In an attempt to put last year's infamous hacking scandal behind them, Sony has agreed to a legal settlement which could cost up to an eye-watering $8 million.
Illustrating the collateral damage of the leaked personal information, an agreement was filed at a Los Angeles Court to compensate thousands of Sony staff.
Although hackers stole an astonishing 47,000 social security numbers, most of the early news reports discussed celebrity gossip linked to internal e-mails amongst executives.
Employees who have been victims of identity theft will be compensated up to $10,000 each, while those who have been victims of credit card fraud will be compensated up to $1,000.
Almost a year on from the hack, Sony CEO Michael Lynton said the deal is:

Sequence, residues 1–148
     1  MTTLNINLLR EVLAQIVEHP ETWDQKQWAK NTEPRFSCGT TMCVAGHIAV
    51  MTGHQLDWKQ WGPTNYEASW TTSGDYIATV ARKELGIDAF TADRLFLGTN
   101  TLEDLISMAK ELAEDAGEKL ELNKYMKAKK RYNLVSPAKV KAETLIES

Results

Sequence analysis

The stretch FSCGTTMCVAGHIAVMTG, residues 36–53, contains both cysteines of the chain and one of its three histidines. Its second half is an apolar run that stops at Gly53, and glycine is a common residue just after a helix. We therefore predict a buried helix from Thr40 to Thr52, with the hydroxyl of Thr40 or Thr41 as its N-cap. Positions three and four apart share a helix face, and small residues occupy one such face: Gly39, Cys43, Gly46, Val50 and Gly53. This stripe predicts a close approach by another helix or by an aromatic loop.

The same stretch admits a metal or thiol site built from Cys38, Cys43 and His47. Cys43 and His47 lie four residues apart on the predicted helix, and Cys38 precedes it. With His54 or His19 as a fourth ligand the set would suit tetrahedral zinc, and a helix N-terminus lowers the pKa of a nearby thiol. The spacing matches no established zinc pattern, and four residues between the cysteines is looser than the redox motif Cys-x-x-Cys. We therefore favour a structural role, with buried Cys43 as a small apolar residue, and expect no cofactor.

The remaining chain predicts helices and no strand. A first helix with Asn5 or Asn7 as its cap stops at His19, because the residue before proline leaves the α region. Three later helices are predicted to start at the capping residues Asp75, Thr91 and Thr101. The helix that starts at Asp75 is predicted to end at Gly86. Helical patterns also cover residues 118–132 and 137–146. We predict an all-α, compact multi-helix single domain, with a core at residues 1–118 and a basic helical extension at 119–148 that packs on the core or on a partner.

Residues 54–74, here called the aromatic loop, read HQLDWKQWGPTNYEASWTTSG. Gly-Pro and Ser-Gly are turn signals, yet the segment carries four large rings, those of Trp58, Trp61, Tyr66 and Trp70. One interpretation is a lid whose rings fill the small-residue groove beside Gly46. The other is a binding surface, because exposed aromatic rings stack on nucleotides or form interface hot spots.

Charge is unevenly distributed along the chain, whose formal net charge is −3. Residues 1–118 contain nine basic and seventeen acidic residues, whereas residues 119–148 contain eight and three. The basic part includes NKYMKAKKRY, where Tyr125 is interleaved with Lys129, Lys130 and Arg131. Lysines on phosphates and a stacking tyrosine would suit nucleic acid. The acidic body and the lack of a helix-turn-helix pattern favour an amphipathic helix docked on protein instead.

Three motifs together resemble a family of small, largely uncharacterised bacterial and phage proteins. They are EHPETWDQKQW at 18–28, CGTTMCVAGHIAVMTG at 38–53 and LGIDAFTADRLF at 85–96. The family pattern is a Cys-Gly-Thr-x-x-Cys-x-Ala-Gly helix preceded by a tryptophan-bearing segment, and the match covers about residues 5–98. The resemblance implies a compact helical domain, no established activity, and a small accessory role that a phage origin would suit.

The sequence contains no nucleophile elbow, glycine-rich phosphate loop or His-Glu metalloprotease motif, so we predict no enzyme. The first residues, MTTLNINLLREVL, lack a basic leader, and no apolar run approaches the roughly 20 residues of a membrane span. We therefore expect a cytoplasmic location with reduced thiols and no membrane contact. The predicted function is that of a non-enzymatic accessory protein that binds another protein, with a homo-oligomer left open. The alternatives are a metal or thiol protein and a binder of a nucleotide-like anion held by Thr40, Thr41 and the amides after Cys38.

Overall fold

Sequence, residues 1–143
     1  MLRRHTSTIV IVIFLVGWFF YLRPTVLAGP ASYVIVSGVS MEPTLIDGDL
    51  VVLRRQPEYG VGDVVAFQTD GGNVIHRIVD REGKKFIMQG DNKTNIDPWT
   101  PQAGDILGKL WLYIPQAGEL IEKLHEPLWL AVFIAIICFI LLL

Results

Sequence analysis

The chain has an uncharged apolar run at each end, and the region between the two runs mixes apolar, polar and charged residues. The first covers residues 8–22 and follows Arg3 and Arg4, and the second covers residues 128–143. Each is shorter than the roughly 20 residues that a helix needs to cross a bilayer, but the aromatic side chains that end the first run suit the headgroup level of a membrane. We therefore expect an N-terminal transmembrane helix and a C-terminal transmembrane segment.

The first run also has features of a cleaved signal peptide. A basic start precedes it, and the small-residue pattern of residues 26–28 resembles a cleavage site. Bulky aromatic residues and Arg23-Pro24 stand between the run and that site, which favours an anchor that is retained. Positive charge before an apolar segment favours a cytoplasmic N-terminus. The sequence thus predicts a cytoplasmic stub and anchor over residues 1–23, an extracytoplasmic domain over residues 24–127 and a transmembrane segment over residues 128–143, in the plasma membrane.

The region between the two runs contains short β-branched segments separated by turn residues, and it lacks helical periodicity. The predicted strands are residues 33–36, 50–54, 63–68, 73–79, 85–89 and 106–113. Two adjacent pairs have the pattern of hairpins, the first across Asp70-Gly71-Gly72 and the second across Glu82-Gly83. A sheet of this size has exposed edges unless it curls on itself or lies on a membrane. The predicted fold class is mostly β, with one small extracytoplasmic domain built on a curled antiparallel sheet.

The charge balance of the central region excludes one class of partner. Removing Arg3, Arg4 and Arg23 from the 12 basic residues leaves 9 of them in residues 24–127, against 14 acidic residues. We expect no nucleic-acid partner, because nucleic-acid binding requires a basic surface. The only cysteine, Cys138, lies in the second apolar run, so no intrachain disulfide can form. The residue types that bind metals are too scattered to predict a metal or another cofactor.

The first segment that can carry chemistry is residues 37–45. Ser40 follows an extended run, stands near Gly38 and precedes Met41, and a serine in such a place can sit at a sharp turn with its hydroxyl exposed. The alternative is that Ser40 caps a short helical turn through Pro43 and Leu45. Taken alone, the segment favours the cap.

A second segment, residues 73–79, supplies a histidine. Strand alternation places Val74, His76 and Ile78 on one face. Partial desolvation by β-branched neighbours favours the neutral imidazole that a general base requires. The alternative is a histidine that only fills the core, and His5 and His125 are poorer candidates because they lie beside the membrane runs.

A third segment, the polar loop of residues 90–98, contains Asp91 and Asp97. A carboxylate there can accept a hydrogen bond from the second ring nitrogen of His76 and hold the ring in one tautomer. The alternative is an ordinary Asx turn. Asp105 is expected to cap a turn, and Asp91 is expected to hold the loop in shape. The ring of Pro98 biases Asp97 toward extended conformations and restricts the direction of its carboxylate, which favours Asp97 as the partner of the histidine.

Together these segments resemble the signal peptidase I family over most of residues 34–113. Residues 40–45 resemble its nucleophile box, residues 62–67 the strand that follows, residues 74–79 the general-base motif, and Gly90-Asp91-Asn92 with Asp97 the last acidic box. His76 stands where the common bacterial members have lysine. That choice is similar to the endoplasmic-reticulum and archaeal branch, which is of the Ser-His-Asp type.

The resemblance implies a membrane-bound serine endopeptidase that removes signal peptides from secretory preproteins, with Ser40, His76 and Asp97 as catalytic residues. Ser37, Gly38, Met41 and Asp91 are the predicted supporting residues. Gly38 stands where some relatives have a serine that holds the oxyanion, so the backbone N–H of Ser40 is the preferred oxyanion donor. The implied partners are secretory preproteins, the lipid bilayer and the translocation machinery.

"An important, positive step forward in putting the cyber-attack firmly behind us."
The hack was carried out in November 2014 by a group who called themselves "Guardians of Peace," in response to the release of the controversial film The Interview. If you need reminding, here's the trailer below:
Sony eventually delayed the release of the film following the group's threat of retribution. In December 2014, they released a chilling message which said:
We will clearly show it to you at the very time and places The Interview be shown, including the premiere, how bitter fate those who seek fun in terror should be doomed to. Soon all the world will see what an awful movie Sony Pictures Entertainment has made.
The world will be full of fear. Remember the 11th of September 2001. We recommend you to keep yourself distant from the places at that time. (If your house is nearby, you’d better leave.)
Much has been made of the information released by the hacking group, in particular the salaries of celebrities.
This sparked a recent debate around gender inequality following Jennifer Lawrence's letter, which was later supported by a range of fellow actors and actresses.